When your veg is done, transfer them to a bowl and add some shallots and garlic to your now-empty pan. It’s time to build that incredible pan sauce. Once your shallots and garlic are translucent and happy, deglaze the pan with cognac and cook half of it off. This should take next to no time. Reduce the heat and stir in a little Dijon mustard and a lot of cream. Add some brined peppercorns if you can find them. Otherwise, add regular peppercorns coarsely smashed in a mortar and pestle.
We’re in the home stretch now! Add your cooked pappardelle to that incredible sauce and invite the asparagus and mushrooms to the party. Toss everything together until every noodle is coated. Finish the dish off with a final sprinkling of smashed peppercorns and a handful of arugula. The arugula is optional but I think its bitterness adds a nice bit of contrast to the dish.
And that’s pretty much everything you need to know about this Pappardelle Au Poivre. A breezy dish that plays with the flavors of the French classic but delivers its own unique eating experience.
Pappardelle Au Poivre with Asparagus and Mushrooms
- 1 Large skillet
- 1 mortar and pestle
- 1 Large pot
- 2 tbsp olive oil
- 227g (8oz) cremini mushrooms cut into thick slices
- 1 bunch asapargus cut into quarters
- 3 tbsp unsalted butter divided
- 3 cloves garlic divided
- 4-6 sprigs fresh thyme
- 400g (14oz) uncooked pappardelle
- 3 shallots halved and thinly sliced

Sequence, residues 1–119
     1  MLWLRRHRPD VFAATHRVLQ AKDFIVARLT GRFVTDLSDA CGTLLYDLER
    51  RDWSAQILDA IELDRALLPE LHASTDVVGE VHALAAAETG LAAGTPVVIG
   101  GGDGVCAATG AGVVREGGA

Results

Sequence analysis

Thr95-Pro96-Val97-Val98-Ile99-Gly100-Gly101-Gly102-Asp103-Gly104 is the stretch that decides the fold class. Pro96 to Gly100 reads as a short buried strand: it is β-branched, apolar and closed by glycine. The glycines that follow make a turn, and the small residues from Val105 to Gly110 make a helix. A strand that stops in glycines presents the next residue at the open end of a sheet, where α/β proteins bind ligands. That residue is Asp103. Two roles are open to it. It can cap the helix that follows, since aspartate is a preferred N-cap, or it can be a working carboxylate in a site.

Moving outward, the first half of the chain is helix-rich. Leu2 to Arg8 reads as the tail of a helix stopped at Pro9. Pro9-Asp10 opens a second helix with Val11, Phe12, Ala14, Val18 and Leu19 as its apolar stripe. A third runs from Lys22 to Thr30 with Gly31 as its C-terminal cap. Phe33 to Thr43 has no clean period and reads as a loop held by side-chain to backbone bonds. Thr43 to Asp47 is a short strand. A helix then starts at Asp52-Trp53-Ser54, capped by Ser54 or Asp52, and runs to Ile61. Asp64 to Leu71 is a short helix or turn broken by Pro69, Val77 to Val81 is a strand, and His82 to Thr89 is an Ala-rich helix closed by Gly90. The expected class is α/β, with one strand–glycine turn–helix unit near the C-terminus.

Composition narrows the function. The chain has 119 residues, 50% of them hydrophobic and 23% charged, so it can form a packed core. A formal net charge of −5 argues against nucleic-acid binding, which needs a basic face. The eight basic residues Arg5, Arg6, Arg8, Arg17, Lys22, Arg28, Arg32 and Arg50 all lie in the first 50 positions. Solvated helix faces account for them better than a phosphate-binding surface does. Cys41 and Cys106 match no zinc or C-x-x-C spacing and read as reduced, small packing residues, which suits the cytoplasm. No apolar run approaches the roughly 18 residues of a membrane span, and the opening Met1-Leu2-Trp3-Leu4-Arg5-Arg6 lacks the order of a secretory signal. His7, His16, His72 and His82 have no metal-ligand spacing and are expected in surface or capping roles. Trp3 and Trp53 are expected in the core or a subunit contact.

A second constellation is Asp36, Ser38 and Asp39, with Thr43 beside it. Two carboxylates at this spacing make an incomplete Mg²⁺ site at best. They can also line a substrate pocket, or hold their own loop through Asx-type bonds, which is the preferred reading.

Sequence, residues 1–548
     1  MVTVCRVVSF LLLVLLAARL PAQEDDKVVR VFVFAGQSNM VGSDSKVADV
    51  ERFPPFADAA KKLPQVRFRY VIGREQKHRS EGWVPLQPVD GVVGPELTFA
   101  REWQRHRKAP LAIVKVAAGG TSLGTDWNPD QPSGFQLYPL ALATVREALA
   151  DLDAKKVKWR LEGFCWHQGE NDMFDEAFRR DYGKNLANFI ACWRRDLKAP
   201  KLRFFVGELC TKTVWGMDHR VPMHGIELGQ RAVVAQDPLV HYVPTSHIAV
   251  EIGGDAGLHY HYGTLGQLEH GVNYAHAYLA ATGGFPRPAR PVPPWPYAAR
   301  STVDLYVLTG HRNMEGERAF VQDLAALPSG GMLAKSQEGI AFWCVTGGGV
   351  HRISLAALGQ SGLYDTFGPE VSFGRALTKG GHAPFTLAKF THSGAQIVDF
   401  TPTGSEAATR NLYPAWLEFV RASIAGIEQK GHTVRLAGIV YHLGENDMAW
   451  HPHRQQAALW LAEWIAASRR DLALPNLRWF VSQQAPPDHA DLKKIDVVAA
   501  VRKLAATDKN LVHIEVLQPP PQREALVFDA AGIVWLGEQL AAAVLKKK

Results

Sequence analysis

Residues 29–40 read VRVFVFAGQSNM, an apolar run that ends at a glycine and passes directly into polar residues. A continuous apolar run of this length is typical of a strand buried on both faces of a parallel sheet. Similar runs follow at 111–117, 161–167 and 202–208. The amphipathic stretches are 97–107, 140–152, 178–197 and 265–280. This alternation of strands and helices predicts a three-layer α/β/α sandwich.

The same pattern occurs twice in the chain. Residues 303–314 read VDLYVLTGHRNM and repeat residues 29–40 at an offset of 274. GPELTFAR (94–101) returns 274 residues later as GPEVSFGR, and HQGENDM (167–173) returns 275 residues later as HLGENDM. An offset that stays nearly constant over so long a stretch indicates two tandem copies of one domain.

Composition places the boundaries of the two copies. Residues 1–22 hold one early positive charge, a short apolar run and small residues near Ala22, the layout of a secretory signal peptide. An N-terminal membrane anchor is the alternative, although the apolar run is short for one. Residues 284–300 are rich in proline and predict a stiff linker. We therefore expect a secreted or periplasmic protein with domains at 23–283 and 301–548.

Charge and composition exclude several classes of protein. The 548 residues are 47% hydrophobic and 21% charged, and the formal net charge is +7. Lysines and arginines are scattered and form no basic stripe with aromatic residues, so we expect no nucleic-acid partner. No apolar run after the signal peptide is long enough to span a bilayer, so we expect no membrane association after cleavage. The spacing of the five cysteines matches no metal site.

- 3 tbsp cognac
- 1 tbsp Dijon mustard
- ½ cup cream
- 1 tbsp brined peppercorns ** optional
- 1 tbsp dried peppercorns
- ½ cup arugula
- ½ cup grana padano shredded
- Place a large pot of water over high heat. Cover and bring to a boil.
- Heat the olive oil in a large skillet over medium heat until shimmering. Working in batches, add the mushrooms slices to the skillet and brown them on both sides. Don’t crowd the pan. Season the mushrooms with salt and set them aside.2 tbsp olive oil, 227g (8oz) cremini mushrooms
- Place the asparagus in the skillet and a generous pinch of salt. Sauté until just tender. Smash and peel two cloves of the garlic and set them aside. Return the mushrooms to the skillet and add a tablespoon of the butter, the smashed garlic, and the thyme sprigs. Tilt the frying pan and spoon the butter over the vegetables. Transfer the veg to a bowl and set them aside.1 bunch asapargus, 3 tbsp unsalted butter, 3 cloves garlic, 4-6 sprigs fresh thyme
- Your water should be boiling by now. Liberally salt the water and add the pasta. Cook until al dente. This should take about 8-10 minutes.400g (14oz) uncooked pappardelle
- While the pasta is cooking, thinly slice the remaining clove of garlic and set it aside. Add the remaining butter to the skillet. Once the butter melts, stir in the shallots along with a pinch of salt. Sauté until just translucent, then stir in the garlic. Sauté until fragrant.3 shallots
- Deglaze the pan with the cognac and simmer until it reduces by half, this should only take a few moments. Add the Dijon mustard followed by the cream and the brined peppercorns, if desired. Simmer for 2-3 minutes3 tbsp cognac, 1 tbsp Dijon mustard, ½ cup cream, 1 tbsp brined peppercorns **
- Place the peppercorns in a mortar and pestle and coarsely grind them, set them aside.1 tbsp dried peppercorns
- Drain the pasta and place it in the sauce over low heat. Return the vegetables to the skillet and toss to coat and evenly disperse the vegetables. Divide the pasta across four bowls and garnish with the cracked peppercorns, a sprinkling of arugula, and Grana Padano. Serve immediately.½ cup arugula, ½ cup grana padano